Various terminologies have been employed to describe the occurrence of depression in patients with AD. These include "depressive dementia," "depressive syndrome of dementia," "dementia with mood disorder," and "coexistent depression with dementia."1 Patients suffering from Alzheimer's disease may exhibit disorders of affect lie, emotional lability) as well as sustained alterations of mood consistent with a DSM-IV diagnosis of a major depressive disorder. In addition, the negative symptoms manifest in the natural clinical course of Alzheimer's disease (eg, apathy, social withdrawal, flat affect, and diminished psychomotor activity) are often misinterpreted as indicative of a major depressive disorder.2

INCIDENCE OF DEPRESSION IN ALZHEIMER'S DISEASE

As a consequence of their different methodologies, studies have varied widely in the reported prevalence of depression in patients with AD. Studies that have relied solely on the history reported by caretakers when making a diagnosis of major depression (according to DSM-III criteria) in patients with AD have reported an incidence between 30% and 86%3-5; however, studies that have used a direct examination of the patient by a clinician have reported a much lower incidence of major depression 10% and 13.9% ).2,6,7

The discrepancy between different studies is exemplified by the results of a recent retrospective chart review of 325 patients with probable AD (according to National Institute of Neurological and Communicative Disorders and Stroke |NINCDS| criteria) that reported a 1.3% 2-year incidence of major depression/ It is important to note, however, that this study excluded patients with a history of depression. These studies have all relied on a probable diagnosis of AD based on the criteria of the NINCDS and have not employed either standardized diagnostic interviews for diagnosis of depression or considered the stage of AD. In contrast, Rosen and Zubenko, employing an annual standardized clinical interview keyed to DSM-III criteria in a cohort of 32 patients with a confirmed histopathologic diagnosis of AD at autopsy, reported a prevalence of depression of 22%. 9 In addition, they reported that 47% of their cohort developed a psychosis that appeared to be an independent variable to the presence of a mood disorder.9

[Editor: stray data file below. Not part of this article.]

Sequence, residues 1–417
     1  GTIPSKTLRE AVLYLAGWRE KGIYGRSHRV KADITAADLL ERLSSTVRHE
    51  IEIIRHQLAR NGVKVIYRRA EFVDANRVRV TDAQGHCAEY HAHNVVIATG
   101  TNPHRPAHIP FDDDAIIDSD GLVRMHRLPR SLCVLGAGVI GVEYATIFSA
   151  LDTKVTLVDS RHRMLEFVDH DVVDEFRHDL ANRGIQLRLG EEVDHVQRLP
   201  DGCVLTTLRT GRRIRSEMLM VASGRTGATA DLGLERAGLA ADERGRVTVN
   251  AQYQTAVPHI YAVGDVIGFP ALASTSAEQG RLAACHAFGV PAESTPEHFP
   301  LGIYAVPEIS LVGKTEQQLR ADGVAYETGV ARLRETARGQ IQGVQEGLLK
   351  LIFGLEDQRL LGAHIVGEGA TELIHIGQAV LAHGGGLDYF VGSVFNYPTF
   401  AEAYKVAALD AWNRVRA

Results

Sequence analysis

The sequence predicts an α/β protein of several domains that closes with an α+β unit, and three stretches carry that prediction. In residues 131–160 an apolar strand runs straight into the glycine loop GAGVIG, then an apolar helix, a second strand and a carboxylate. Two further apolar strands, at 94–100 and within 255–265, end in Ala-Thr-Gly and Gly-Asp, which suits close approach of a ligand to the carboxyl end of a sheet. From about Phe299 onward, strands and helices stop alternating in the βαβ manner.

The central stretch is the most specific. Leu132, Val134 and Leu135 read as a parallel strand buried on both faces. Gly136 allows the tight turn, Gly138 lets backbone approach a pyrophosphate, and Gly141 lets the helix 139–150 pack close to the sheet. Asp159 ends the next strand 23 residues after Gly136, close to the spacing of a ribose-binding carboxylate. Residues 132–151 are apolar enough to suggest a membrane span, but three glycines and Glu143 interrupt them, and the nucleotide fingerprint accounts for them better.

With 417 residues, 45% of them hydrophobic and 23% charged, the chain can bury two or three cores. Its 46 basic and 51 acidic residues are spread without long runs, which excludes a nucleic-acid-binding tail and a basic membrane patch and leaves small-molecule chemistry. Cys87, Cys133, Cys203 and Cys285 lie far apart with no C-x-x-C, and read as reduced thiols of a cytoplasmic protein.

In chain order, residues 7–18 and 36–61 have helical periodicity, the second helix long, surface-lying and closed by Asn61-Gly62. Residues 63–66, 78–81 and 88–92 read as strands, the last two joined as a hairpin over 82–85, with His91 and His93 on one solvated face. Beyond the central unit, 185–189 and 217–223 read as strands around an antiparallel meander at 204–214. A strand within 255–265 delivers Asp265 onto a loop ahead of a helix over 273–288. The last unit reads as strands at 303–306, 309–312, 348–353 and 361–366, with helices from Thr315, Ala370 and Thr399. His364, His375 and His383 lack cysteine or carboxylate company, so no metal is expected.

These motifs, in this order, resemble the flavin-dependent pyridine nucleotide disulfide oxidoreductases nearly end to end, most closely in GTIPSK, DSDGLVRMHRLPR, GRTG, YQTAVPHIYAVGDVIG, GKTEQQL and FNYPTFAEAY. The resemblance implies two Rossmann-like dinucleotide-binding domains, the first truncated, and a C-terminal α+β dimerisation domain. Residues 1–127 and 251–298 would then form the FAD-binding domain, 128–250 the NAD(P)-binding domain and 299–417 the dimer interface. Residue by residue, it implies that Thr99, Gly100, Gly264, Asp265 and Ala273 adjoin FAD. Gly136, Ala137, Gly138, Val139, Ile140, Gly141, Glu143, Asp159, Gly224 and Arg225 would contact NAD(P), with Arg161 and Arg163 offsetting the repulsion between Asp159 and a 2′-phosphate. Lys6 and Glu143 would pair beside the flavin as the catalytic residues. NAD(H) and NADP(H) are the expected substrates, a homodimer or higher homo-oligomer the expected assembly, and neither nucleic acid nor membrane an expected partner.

A recent study, employing a structured psychiatric interview of 103 patients with probable AD, reported that 23% were suffering from a major depressive disorder and 28% from a dysthymic disorder. Patients suffering from dysthymia tended to exhibir greater insight into the nature and extent of their cognitive deficits and developed dysthymia early in the course of their dementing illness.1" In this study, the prevalence of major depression was similar across all stages of the disease.10

RISK FACTORS FOR DEPRESSION IN ALZHEIMER'S DISEASE

Pearlson et al have reported that almost 50% of their depressed AD patients had a family history of major affective disorders compared with ll(/r of euthymic AD patients." In addition, the prevalence of major depression in relatives of depressed AD patients was similar to that found in the relatives of patients suffering from a primary major depression.11

In a recent study, Lawlor et al reported that AD patients with an earlier age of onset (defined as younger than 65 years) were more likely to manifest depression and other behavioral disorders compared with late-onset AD patients. In addition, patients with early onset AD were reported to exhibit more prominent language and praxis impairment.12 The more widespread and severe neurnpathologic and neurochemical derangements found in early onset AD have been postulated to account for this higher prevalence of behavioral disorders.1;i-M Other possibly important risk factors for depression, including premorbid personality structure, substance abuse, social functioning, and medication use, have not yet been assessed.

CLINICAL CHARACTERISTICS OF DEPRESSION ASSOCIATED WITH AD